Judith Batchelar - Blog on Modern Slavery

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Consumers care about where the products they buy come from and they put their trust in us to do the right thing on their behalf. This is why sourcing with integrity is key to our work with farmers, growers and suppliers in the UK and around the world.

Treating everyone in our own business and value chains fairly and with respect is an important part of the way we work at Sainsbury’s. So today, on Human Rights Day, the anniversary of the adoption of the Universal Declaration of Human Rights in 1948, we are proud to announce the next steps in our work to support the prevention of exploitation within our value chains.

In addition to the supplier training we undertake on a regular basis we are launching new training for our farmers and growers which will support them in the identification of vulnerable workers and prevention of exploitation, particularly for seasonal workers coming onto their farms for planting or harvesting. The launch of the training, which was developed for Sainsbury’s by the Gangmasters and Labour Abuse Authority (GLA), follows a successful pilot with our egg farmers and the production of practical tools and guidance specifically for our farmers by the GLA who were also recently at Sainsbury’s annual Farming Conference, on November 25th where they were on hand to offer our farmers and suppliers first hand advice on how we can work together to tackle unscrupulous, criminal activity in our value chain.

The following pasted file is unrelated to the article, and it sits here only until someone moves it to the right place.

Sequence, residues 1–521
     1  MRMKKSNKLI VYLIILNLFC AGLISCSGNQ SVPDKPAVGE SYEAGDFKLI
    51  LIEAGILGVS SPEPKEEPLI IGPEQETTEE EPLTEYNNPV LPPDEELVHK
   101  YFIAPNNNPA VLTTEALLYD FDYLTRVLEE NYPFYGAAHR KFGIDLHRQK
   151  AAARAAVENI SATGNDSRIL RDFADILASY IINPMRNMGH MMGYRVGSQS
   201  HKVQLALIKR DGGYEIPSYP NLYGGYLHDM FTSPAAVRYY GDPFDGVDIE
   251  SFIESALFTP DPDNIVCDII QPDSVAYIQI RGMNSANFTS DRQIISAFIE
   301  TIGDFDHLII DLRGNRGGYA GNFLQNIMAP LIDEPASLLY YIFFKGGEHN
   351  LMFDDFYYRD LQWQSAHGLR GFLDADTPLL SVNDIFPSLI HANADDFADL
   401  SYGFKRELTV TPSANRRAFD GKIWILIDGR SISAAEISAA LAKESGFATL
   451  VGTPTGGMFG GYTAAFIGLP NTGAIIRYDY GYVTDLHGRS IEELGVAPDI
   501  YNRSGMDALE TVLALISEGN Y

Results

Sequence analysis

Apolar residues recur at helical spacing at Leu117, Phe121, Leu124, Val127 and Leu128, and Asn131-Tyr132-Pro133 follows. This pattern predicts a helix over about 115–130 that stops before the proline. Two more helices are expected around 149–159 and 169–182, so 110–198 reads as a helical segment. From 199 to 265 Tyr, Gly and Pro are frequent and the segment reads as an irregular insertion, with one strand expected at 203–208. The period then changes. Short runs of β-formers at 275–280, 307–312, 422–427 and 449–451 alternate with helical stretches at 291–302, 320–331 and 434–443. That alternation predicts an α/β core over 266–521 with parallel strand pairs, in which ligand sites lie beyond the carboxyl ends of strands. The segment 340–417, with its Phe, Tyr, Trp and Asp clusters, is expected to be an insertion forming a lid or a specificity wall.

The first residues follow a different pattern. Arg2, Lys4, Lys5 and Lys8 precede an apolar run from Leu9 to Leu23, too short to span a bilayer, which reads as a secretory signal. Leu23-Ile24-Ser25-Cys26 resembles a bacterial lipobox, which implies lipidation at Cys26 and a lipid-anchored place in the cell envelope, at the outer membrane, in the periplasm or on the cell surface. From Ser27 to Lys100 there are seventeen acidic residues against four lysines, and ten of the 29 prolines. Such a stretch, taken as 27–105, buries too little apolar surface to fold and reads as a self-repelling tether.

In addition we are introducing a further two new specific courses in early 2017. In the UK, over 20 supplying agents who source products from all over the world will be given guidance and support to manage ethical trade in complex supply chains where there are often multiple actors and several stages of processing involved. In South Africa, a bespoke course delivered by a local expert will build the skills and knowledge of our wine suppliers to embed good ethical practices not only at their own sites, but also through to farm level, where conditions are often most challenging.   

At Sainsbury’s we already engage in a wide range of activities to prevent modern slavery and human trafficking in our value chains. We are very proud of our long-standing strategic relationship with the GLA. This unique partnership led, in 2014, to the first of its kind training for suppliers, delivered by the GLA, on agency labour and the prevention of worker exploitation. Training dates for 2017 and sign up for both Sainsbury’s course and the wider industry (through a GLA course at the University of Derby) are available below.

The nature of modern slavery and other extreme forms of exploitation mean that this is not an issue we can tackle alone and so we work in collaboration not only with NGOs, but other retailers, organisations and governments. We are founding members of Stronger Together, a food industry initiative focused on human trafficking, forced labour and other hidden third party migrant worker exploitation. The programme aims to equip UK employers and labour providers with the knowledge and resources to recognise and tackle exploitation – over 250 of our suppliers have attended the training programme to date, which we require for suppliers using agency labour and is supported by our funding.